Emmanuel Macron’s government is safe: the “transpartisan” no-confidence motion proposed by the independent LIOT party and voted by all the oppositions to Elisabeth Borne’s executive failed to reach the minimum quota necessary to send the premier home for just 9 votes.
In the meantime, the pension reform that has aroused the wrath of Parliament and of many who have invaded Paris to protest becomes law. More demonstrators are rushing near the Invalides area after the outcome of the vote, several bins have already been set on fire and clashes have begun with the police, who had received orders to disperse the unauthorized protest.
“What could not be achieved with a normal parliamentary vote, we must achieve with protests, strikes, demonstrations,” said French radical left leader Jean-Luc Mélenchon, adding: “Now is the time to move on to popular distrust”. His collaborator Mathilde Panot explains: “These 9 narrow votes that are missing do not solve anything. The situation remains the same, we continue the mobilization until the withdrawal of this pension reform”.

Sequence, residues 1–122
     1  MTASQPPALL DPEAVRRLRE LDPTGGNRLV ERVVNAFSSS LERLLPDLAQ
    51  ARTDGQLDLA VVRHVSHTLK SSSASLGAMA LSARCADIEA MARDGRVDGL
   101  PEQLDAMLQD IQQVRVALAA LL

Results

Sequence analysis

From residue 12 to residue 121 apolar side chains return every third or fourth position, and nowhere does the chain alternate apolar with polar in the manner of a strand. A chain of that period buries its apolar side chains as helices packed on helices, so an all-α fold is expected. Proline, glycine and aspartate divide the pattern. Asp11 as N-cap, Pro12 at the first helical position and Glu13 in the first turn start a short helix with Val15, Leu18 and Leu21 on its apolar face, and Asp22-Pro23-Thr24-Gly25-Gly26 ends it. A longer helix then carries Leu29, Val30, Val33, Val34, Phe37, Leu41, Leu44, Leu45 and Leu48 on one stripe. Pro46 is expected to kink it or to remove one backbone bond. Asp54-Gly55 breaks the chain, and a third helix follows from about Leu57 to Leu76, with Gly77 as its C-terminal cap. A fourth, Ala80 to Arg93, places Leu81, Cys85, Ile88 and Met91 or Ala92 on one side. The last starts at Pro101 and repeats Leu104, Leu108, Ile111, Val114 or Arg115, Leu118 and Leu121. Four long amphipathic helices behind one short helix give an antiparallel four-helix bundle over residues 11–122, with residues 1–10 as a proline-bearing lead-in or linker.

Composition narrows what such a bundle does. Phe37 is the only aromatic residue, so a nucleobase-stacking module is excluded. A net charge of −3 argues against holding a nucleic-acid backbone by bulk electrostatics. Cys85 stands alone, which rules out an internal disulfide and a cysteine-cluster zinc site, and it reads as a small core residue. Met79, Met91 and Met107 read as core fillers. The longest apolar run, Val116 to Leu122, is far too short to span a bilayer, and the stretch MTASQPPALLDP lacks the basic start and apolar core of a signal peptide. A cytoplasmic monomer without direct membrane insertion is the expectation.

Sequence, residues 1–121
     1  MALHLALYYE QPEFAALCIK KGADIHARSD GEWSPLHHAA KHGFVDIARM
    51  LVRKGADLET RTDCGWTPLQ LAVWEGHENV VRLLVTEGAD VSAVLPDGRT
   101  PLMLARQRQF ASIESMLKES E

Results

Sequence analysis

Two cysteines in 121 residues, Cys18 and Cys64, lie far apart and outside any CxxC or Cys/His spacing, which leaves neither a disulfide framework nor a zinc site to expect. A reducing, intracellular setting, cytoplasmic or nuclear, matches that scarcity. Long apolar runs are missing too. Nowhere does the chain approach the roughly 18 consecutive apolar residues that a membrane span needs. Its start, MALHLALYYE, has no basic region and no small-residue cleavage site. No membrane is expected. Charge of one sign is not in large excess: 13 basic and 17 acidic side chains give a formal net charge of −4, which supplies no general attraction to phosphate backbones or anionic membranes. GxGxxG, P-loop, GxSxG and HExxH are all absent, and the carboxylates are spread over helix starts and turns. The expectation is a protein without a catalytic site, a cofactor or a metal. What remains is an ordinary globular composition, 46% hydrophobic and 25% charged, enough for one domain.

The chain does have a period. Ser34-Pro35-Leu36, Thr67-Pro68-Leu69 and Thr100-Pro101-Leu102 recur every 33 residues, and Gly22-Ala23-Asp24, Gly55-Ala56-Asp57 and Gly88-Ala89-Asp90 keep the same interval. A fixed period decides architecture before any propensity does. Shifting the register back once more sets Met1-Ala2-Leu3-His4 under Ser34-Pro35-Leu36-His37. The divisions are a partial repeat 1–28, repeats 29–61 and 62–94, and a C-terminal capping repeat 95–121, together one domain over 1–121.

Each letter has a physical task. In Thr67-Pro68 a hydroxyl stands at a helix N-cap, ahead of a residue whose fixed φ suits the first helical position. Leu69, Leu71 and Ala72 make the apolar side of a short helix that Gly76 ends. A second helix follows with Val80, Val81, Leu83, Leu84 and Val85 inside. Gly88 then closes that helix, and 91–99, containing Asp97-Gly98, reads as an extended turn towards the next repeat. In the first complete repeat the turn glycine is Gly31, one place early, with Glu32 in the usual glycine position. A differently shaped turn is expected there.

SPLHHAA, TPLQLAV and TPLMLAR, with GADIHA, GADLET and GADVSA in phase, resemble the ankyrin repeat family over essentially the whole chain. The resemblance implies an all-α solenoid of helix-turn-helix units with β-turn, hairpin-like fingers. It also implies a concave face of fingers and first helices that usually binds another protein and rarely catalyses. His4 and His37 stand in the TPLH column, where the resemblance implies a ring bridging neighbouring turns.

The reform should enter into force on 1 September, but in the coming weeks the opposition will try to prevent this from happening. Among the parliamentarians, 250 signatures have already been collected to call a repeal referendum, while some have already announced an appeal to the Constitutional Council.